In our quest to find the superior set of tools for native/cross-platform mobile application development, today we turn to Xamarin in its late 2017 implementation. In this article, I’ll try to give my thought on different development aspects and general platform usage.
Xamarin Project Structure
A typical multi-platform project, split into separate projects for each platform and one project for a shared library. The shared library can contain both platform-independent code and a simple UI in XAML. This is quite a convenient separation that enables us to easily structure the code. A definite advantage.
The basic toolkit contains C# and the .NET framework. A practical high-level language is another advantage.
The .NET framework + Xamarin.Forms is a set of frameworks available for a shared library. This is basically a kit for modeling the app data. There are no platform-specific features like access to the file system and camera. On one hand, this increases the volume of the code, on the other hand, allows better code structuring.
There are platform-specific frameworks like Xamarin.iOS and Xamarin.Droid, as well as the C# UI for all the native platforms frameworks (for example, Core Data for iOS and Android.Support.v4 for Android). The majority of tasks, this allows to avoid using third-party libraries and utilize the standard platform capabilities with no additional wrappers. A big fat virtue.
Obviously, the necessity of using Xamarin(Mono) and the .NET frameworks increases the application size by 10 MB, however, this is more of a payback for the cross-platform features than a substantial drawback.
You can create user interfaces in Xamarin. There are two approaches to do that:
Xamarin.Forms as a cross-platform “description” of the UI that with a help of special renders transforms into the corresponding native elements. (Xamarin.Forms.ListView → UITableView). Because of this, the UI will visually different for both platforms (as the native iOS button is different from a native Android button).
The behavior of every element of a platform can be edited through a renderer. The UI is described in XAML in the code. There is a standard visualizer built-in to Xamarin IDE that uses a device simulator. Using this functionality can significantly ease and speed up the UI-building process, but also restricts the architecture of the app. It requires taking into account the state of the app when being executed by a visualizer. This solution is great for the apps with a simple UI or prototypes that aren’t bothered by the UI at all.
Native Platform UI
Using the native UI of each platform is an option for design-heavy applications. Xamarin supports the C# interfaces of all the platform’s native frameworks, including xib & storyboard for iOS and layout for Android. So, the UI elements’ work is no different from the similar experience in XCode and Android Studio.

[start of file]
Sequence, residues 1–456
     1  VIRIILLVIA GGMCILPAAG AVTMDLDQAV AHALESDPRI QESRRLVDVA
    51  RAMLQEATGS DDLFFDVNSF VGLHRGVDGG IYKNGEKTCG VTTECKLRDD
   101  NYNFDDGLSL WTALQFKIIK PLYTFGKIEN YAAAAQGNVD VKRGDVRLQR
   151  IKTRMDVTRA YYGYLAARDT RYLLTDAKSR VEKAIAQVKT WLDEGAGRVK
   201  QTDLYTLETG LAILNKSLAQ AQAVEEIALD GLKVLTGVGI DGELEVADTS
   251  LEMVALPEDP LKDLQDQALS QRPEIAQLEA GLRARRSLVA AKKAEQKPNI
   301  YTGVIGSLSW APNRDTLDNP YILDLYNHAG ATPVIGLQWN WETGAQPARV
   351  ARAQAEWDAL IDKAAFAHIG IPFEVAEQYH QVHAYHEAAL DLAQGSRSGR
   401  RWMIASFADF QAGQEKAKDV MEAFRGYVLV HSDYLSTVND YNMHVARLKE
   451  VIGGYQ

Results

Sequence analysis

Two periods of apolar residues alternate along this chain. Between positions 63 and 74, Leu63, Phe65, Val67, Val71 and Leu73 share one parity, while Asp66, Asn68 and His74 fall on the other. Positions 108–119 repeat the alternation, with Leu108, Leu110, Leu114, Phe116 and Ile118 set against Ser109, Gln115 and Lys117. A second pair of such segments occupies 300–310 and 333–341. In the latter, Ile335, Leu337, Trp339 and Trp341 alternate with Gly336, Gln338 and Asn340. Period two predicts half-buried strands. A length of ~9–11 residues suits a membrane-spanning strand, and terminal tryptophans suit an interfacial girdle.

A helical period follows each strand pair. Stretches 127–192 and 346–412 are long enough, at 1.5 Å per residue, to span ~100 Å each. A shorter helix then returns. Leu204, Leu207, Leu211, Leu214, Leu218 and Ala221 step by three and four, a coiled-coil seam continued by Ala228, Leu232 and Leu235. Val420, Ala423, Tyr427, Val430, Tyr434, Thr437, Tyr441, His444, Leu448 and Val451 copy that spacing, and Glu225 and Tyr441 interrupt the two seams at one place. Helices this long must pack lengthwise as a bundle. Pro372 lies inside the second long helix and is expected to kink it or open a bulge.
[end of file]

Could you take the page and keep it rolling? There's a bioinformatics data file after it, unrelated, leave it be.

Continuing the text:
Xamarin libraries are distributed through NuGet. Again, the majority of your app’s tasks can be carried out by some library, which there are in vast numbers. Either from third-party developers or Xamarin’s own, the libraries are there. Xamarin Studio has a NuGet package manager built in, which allows to quickly find and install the appropriate package, as well as upload a personal library to a shared environment.
iOS & Android Libraries
If the functionality you require can’t be fully found in the Xamarin libraries, you can connect the additional iOS (.a) and Android (.so, .jar) libraries. However, this is more complex procedure:
The С/Objective-C/Swift Library For iOS
- Create a project in XCode, assemble a library (don’t forget to check the dependencies).
1.1 Build a FAT file for all the platforms used.
1.2 Add the iOS Library Bindings Project to Xamarin.
1.3 Add the recieved .a library file to the project.
1.4 Specify the correct flags in the .a file attributes.
1.5 Create the UI by means of P/Invoke.
This is likely to leave you with a multitude of the [DllImport()] calls. You can fix it with the help of the Objective Sharpie utility, as it can process the library header files and create a fairly precise UI library description. The result has to be still manually tested though.
2. Use CocoaPods for simple libraries and dependencies. It really simplifies the step 1 by downloading the library, assembling it, and creating the UI through a single command in Terminal. Yet, complex libraries with dependencies on other pods can’t be handled that easy; so I advise you to use the approach from step 1.
3. Set up the C libraries for Android following the same complex procedure as for iOS in step 1.
4. Add the .jar/.aar library for Android. It’s fairly simple here:
4.1 Add a library directly to the Android app project.
4.2 Specify the right supported ABI libraries.
Xamarin will analyze the library’s Java UI and create its equivalent in C#. This is definitely the easiest way out of four.
Xamarin is a great tool for prototyping, building an MVP, and apps with the UI designed from the standard elements. In that case, you can reach from 80 to 90% code reuse between the platforms.
Another implementation area is the class of applications with heavy business logic. By using the native approach to building UI, you can implement the design of any complexity. The reuse percentage score depends entirely on the model size and the application business logic.
I don’t think it makes sense to use Xamarin to build apps with a simple model and business logic, as well as apps that are deep into graphics (games) or showcase high-performance requirements.
You can find the sample project I used in this article on GitHub.